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  • Assassin's Creed (United States/France, 2016)

    December 22, 2016
    A movie review by James Berardinelli
    Assassin's Creed Poster

    Surely, this was going to be the one. That’s what gamers everywhere thought when the cast of Assassin’s Creed was announced. Two-time Oscar nominee Michael Fassbender. Oscar winners Marion Cotillard and Jeremy Irons. Plus Brendan Gleeson and Charlotte Rampling. Was it possible to get a better set of actors? Sadly, like far too many productions, “potential” didn’t translate into “quality.” Assassin’s Creed didn’t become the first based-on-a-video-game to breakthrough into cinematic greatness. Obtuse, narratively incoherent, and ultimately frustrating, it stands as another example of how hard it is to make a good mainstream movie out of a popular computer game.

    The fundamental problem is the screenplay. I’m not qualified to judge whether the movie adequately represents the game but, regardless of how well it succeeds in that goal, it fails as a standalone piece of entertainment. Jumping back and forth in time from modern day to 1492, the story never grips the viewer and the characters are paper-thin. Even the fights fail to fully involve the viewer because they keep flipping between a traditional action point-of-view and a virtual perspective where we’re watching a (real) person fight shadows. No one can fault director Justin Kurzel (helmer of the 2015 Macbeth with Fassbender & Cotillard) when it comes to making Assassin’s Creed dynamic visual experience. His camera swoops and soars and he uses the score by his younger brother, Jed, to punch up key moments. (The music is effective, although a little in-your-face.) But the story…better luck next time.

    The movie starts out in the 1980s with a scene that depicts a young boy, Cal Lynch, watching his father, dressed in assassin’s garb, murder his mother. Cut to 2016 - Cal, now a man (and played by Fassbender), awaits execution by lethal injection for a capital crime. Instead of dying, however, he is brought to a super-secret research facility in Spain presided over by two Templars - Alan Rikkin (Irons) and his scientist daughter Sophia (Cotillard). Their goal is to get Cal to use a machine called The Animus to experience the memories of an ancestor, an assassin named Aguilar, so he can pinpoint the location of the lost artifact The Apple of Eden.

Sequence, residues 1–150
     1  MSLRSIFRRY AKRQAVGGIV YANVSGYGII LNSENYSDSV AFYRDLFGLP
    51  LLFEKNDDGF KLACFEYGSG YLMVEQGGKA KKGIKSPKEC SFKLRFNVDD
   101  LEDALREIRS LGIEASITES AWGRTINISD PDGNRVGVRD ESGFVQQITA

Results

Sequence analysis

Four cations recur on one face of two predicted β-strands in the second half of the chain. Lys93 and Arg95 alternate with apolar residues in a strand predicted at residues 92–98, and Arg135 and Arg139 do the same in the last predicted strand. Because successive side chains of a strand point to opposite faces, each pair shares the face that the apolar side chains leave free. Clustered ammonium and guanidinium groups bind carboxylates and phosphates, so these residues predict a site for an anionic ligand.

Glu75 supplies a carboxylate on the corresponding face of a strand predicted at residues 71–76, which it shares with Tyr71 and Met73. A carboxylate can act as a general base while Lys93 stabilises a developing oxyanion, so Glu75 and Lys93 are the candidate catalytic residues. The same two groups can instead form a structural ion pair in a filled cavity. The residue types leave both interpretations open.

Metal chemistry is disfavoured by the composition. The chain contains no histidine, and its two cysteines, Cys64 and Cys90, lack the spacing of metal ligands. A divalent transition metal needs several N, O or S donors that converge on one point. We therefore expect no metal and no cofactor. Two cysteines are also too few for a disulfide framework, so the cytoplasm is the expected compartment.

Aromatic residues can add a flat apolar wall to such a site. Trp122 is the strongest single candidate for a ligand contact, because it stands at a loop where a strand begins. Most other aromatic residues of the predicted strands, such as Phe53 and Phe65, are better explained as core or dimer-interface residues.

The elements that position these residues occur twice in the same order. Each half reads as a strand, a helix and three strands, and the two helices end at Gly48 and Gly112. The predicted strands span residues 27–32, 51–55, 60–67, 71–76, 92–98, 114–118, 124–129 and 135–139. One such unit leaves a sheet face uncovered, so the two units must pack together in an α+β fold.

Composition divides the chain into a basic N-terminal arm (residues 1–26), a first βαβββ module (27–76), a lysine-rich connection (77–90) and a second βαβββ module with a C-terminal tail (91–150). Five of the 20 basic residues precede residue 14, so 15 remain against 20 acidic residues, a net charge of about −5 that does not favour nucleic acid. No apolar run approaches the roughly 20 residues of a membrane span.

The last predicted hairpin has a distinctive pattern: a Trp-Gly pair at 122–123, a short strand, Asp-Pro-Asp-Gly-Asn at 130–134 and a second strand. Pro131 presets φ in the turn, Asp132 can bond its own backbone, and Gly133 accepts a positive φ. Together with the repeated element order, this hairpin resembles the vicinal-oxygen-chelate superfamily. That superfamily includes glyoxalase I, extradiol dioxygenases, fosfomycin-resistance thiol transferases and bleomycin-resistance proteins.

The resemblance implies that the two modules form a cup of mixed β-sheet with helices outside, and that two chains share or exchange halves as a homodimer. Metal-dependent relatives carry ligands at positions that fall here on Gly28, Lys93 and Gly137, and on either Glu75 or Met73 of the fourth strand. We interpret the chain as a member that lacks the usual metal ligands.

Watching Assassin’s Creed, I realized the movie probably made more sense to those who had played the video games than those who had not. Although the Assassin’s Creed series is immensely popular, designing a major motion picture with such a limited audience is a mistake. The result feels like a cross between The Matrix and a second-rate Dan Brown novel. It isn’t so much that Assassin’s Creed is hard to follow (although it is - there’s not enough exposition and, when things are explained, they sound incredibly hokey) but that the transitions are clumsy and much of what happens seems irrelevant to the climax. The film ends on an unsatisfying note, presumably so that if box office performance warrants, a sequel can come along to pick up the pieces. [Note: The initial cut ran 140 minutes; maybe the additional half-hour would have added some badly needed coherence to the proceedings.]

    As for all that talent - the unfortunate truth is that none of it is needed.  A group of B-list actors could have done as good a job. Fassbender brings a powerful intensity to the dual role of Lynch and Aguilar but Cotillard seems miscast, never at home in a badly underwritten role. Jeremy Irons does what he often does when appearing in inferior films - mails it in. Brendan Gleeson and Charlotte Rampling are in so few scenes that their appearances could qualify as cameos. The real stars of Assassin’s Creed are the visuals. Set design and costumes are top-notch and the special effects are solid. It looks like a great deal of money was spent which makes the result - little more than a glorified video game tie-in - so depressing. The bottom line is the same with this movie as with nearly every other member of its sub-genre: don’t bother venturing out to see the movie; stay home and play the game instead.






    Assassin's Creed (United States/France, 2016)

    Run Time: 1:48
    U.S. Release Date: 2016-12-21
    MPAA Rating: "PG-13" (Violence, Profanity)
    Genre: Action/Adventure
    Subtitles: none
    Theatrical Aspect Ratio: 2.35:1

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